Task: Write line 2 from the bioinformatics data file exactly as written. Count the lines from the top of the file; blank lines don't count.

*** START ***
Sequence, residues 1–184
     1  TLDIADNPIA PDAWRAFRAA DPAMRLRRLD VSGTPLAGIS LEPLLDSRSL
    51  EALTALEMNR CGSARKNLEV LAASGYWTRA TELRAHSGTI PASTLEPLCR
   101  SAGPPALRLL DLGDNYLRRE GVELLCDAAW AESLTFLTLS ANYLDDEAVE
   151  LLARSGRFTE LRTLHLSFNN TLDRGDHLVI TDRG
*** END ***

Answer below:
     1  TLDIADNPIA PDAWRAFRAA DPAMRLRRLD VSGTPLAGIS LEPLLDSRSL